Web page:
The State of Young America: Facts & Statistics on Young Latinos

The State of Young America: Facts & Statistics on Young Latinos

Young Invincibles and Demos partnered to complete The State Of Young America report, the first comprehensive look at the economic challenges facing young adults since the Great Recession.  In addition, we conducted a groundbreaking poll with Lake Research Partners and Bellwether Research & Consulting of 872 young adults (18-34).

Jobs

Persistent Wage Gaps & Unemployment
  •  Young Latinos earn only 68 cents for every dollar earned by whites.
  •  Unemployment is higher for young Latinos of all ages and genders than for the population as a whole.
  • Joblessness declines for Latinos in their mid-twenties and early thirties, though both African Americans and Latinos continue to experience double-digit rates of unemployment at this age (See Figure).

Education

The gap in college completion has widened by race since 1980, though all groups have higher percentages of 4-year degrees.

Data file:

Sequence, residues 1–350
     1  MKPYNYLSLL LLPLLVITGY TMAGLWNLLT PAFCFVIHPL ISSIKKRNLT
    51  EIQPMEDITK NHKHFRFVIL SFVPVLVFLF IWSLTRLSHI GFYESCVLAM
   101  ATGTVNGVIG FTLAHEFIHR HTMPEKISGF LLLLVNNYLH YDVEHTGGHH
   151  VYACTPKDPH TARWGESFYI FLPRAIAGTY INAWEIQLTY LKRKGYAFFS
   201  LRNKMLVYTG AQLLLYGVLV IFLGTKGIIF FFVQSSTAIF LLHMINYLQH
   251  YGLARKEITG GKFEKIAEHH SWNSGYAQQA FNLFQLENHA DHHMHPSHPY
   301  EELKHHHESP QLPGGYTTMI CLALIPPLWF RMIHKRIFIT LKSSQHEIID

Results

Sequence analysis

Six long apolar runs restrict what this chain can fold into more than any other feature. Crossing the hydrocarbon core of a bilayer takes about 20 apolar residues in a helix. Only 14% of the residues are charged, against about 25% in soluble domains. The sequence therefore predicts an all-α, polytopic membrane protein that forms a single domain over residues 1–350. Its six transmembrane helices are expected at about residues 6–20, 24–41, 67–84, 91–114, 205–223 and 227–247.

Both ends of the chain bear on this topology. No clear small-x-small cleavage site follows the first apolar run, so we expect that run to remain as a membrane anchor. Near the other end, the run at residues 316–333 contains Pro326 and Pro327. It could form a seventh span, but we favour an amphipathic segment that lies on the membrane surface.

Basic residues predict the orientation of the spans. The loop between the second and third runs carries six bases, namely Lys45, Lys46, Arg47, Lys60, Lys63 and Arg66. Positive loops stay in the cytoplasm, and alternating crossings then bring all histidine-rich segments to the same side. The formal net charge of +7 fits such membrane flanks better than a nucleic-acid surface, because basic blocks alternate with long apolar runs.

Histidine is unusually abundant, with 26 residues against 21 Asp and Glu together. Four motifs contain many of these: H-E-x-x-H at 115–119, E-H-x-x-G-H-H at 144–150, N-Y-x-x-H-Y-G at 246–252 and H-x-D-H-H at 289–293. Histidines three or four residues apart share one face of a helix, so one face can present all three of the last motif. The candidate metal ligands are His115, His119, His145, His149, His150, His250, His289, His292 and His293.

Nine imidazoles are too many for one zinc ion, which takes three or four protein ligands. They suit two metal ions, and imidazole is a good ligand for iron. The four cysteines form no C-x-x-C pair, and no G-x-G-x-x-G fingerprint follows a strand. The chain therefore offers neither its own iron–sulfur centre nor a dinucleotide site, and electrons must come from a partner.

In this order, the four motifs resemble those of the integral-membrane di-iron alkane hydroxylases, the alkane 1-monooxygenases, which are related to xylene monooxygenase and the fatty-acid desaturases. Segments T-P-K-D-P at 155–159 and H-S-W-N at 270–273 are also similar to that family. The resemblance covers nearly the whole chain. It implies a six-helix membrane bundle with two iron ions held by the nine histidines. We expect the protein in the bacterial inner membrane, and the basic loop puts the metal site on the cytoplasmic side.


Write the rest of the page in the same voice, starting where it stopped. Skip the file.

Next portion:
• Just 46% of Latino bachelor’s candidates completed a bachelor’s degree within 6 years.
  • The percentage of young Latinos with a bachelor’s degree grew from 9% in 1980 to 14% in 2011.
  • African-Americans and Latinos comprise 28% of all undergraduates, but make up nearly half (46%) of undergraduates in the for-profit sector.

Health Care

Young minorities are disproportionately likely to lack health care.

  • Over half (51.7%) of all Hispanics 24-35 year olds were uninsured in 2009, compared to 33.8% of blacks, and 20.8% of whites the same age.

Raising A Family

The high cost of child care leads many to turn to relatives or ad-hoc child care arrangements, which are particularly common among low-income and minority workers.

  • 25.6% of children of families above the poverty line were in center-based care in 2010, compared to 15.4% of children of families below the poverty line.
  •  Young children of Latino mothers were primarily cared for by relatives – collectively, at 60.7% in 2010 – more frequently than children of either African American or white mothers, of whom 47.6% and 44.9%, respectively, in the same year were cared for by their relatives.